YouTube Changed Partner Program Eligibility Requirements



YouTube has made changes to its YouTube Partner Program (YPP) that it feels will better protect creators. The change in eligibility requirements for the YouTube Partner Program makes it much harder for creators with smaller fan bases to continue making money on YouTube.

In a Creator Blog post, YouTube explains that the changes were being made so they can “prevent bad actors from harming the inspiring and original creators around the world who make their living on YouTube.”

At a glance, this sounds like a reasonable thing to do. We’ve all heard about some “bad actors” who have become notorious after creating videos with despicable content. YouTube also has had problems with videos aimed at kids that included content that was not appropriate for children. Nobody wants those kinds of videos to be on YouTube.

In April of 2017, YouTube set a YouTube Partner Program eligibility requirement of 10,000 lifetime views. As of January 16, 2018, YouTube changed that requirement:

Starting today we’re changing the eligibility requirement for monetization to 4,000 hours of watchtime in the past 12 months and 1,000 subscribers. We’ve arrived at these new thresholds after thorough analysis and conversations with creators like you….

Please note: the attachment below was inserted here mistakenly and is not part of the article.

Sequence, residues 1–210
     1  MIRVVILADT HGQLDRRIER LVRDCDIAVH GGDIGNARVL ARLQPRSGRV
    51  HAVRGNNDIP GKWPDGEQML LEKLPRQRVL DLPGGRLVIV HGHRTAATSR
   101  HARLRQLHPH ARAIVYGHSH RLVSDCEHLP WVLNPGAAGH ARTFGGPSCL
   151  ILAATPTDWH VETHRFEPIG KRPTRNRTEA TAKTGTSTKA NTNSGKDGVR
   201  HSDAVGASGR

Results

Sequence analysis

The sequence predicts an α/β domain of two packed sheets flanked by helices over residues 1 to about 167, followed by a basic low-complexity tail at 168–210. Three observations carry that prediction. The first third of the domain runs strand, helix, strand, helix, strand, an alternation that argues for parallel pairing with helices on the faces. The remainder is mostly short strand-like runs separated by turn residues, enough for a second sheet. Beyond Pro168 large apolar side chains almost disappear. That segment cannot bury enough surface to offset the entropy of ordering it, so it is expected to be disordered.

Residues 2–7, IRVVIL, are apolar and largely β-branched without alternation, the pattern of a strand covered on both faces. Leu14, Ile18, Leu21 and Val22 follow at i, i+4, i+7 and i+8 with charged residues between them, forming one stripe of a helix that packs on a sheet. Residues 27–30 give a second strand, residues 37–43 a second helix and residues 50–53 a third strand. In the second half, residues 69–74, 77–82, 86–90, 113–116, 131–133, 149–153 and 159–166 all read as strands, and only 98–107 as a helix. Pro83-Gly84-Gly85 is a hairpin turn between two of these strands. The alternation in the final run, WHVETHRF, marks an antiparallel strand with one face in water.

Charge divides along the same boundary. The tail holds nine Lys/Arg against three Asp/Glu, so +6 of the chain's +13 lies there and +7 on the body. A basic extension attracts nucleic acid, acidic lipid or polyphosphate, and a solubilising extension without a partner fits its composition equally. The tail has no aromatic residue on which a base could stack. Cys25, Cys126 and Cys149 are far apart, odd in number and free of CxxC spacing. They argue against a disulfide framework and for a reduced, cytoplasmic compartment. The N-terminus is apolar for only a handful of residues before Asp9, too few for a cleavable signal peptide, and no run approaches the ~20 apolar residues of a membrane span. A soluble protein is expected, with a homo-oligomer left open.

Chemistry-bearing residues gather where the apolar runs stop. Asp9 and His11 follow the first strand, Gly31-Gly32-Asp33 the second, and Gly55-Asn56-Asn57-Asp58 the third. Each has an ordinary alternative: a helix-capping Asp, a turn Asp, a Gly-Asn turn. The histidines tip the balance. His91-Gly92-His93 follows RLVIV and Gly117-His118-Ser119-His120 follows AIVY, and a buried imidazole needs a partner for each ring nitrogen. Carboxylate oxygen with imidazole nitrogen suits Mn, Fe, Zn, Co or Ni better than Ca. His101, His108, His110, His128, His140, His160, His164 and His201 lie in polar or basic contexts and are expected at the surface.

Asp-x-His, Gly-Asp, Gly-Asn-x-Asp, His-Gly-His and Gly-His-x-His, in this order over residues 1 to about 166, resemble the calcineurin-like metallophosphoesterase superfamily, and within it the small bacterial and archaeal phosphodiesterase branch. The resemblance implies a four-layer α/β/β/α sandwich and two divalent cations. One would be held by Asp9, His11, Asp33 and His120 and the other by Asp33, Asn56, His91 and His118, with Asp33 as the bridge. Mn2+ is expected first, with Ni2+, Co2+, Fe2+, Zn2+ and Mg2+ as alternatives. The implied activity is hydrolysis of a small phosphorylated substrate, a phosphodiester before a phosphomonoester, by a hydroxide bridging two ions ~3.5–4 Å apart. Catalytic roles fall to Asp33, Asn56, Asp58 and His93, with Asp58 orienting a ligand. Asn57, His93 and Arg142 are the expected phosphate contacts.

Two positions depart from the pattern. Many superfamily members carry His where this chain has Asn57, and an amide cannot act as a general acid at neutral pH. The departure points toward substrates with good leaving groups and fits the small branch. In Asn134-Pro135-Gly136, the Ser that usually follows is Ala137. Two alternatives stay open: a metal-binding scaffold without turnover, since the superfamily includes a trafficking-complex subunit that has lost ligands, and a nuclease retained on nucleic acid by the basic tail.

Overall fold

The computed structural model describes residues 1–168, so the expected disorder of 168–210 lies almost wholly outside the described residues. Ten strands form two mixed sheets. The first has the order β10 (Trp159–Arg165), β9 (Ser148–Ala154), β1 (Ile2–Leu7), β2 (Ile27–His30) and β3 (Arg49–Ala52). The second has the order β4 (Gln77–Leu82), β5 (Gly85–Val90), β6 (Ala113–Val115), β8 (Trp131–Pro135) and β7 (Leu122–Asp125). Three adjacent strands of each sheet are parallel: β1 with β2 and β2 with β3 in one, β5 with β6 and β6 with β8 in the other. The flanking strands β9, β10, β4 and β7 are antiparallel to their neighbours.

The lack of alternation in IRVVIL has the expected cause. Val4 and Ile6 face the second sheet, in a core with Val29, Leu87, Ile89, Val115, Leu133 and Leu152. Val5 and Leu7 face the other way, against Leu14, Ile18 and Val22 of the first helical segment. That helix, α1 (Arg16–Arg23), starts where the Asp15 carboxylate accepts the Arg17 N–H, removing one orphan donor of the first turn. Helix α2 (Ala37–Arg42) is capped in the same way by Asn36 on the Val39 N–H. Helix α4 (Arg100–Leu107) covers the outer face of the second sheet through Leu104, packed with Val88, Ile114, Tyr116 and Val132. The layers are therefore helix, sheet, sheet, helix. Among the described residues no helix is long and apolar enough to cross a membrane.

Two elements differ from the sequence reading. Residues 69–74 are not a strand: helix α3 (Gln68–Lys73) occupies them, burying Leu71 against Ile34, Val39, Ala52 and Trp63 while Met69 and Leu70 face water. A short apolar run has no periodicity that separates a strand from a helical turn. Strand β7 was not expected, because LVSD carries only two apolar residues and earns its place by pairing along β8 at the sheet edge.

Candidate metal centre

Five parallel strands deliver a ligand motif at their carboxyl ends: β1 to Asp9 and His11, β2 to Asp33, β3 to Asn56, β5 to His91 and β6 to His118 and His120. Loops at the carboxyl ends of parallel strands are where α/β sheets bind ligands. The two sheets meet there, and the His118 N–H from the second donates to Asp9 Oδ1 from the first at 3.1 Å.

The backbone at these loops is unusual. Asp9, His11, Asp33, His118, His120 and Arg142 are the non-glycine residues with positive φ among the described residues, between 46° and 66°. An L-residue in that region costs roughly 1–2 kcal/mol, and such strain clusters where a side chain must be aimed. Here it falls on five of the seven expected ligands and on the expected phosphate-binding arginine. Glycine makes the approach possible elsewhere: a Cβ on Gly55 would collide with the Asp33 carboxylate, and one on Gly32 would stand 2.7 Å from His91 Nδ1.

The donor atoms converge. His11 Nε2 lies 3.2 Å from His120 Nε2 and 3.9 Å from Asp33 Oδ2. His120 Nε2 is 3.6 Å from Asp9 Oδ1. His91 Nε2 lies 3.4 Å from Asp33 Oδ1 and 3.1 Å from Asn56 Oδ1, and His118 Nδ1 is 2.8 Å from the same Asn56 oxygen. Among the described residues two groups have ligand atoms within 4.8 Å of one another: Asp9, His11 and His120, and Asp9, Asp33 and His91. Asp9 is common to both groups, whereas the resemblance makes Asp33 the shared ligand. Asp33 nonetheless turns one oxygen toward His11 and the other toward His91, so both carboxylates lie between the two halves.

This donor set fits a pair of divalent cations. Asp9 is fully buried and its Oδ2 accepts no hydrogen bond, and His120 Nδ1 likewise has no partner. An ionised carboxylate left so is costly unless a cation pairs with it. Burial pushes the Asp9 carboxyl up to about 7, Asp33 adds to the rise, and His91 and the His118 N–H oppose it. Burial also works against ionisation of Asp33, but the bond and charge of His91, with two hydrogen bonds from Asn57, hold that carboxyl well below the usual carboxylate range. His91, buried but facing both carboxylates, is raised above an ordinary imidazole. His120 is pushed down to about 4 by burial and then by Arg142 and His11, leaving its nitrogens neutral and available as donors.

…On February 20th, 2017, we’ll also implement this threshold across existing channels on the platform, to allow for a 30 day grace period. On that date, channels with fewer than 1,000 subs or 4,000 watch hours will no longer be able to earn money on YouTube. When they reach 1,000 subs and 4,000 watch hours they will be automatically re-evaluated under strict criteria to ensure they comply with our policies. New channels will need to apply and their application will be evaluated when they hit these milestones.

New creators, and smaller creators, might not have 1,000 subscribers.They may struggle to get 4,000 hours of watchtime over the past 12 months – and to keep meeting that goal. It would have been better if YouTube could have found a way to get rid of “bad actors” without punishing creators who were following the rules.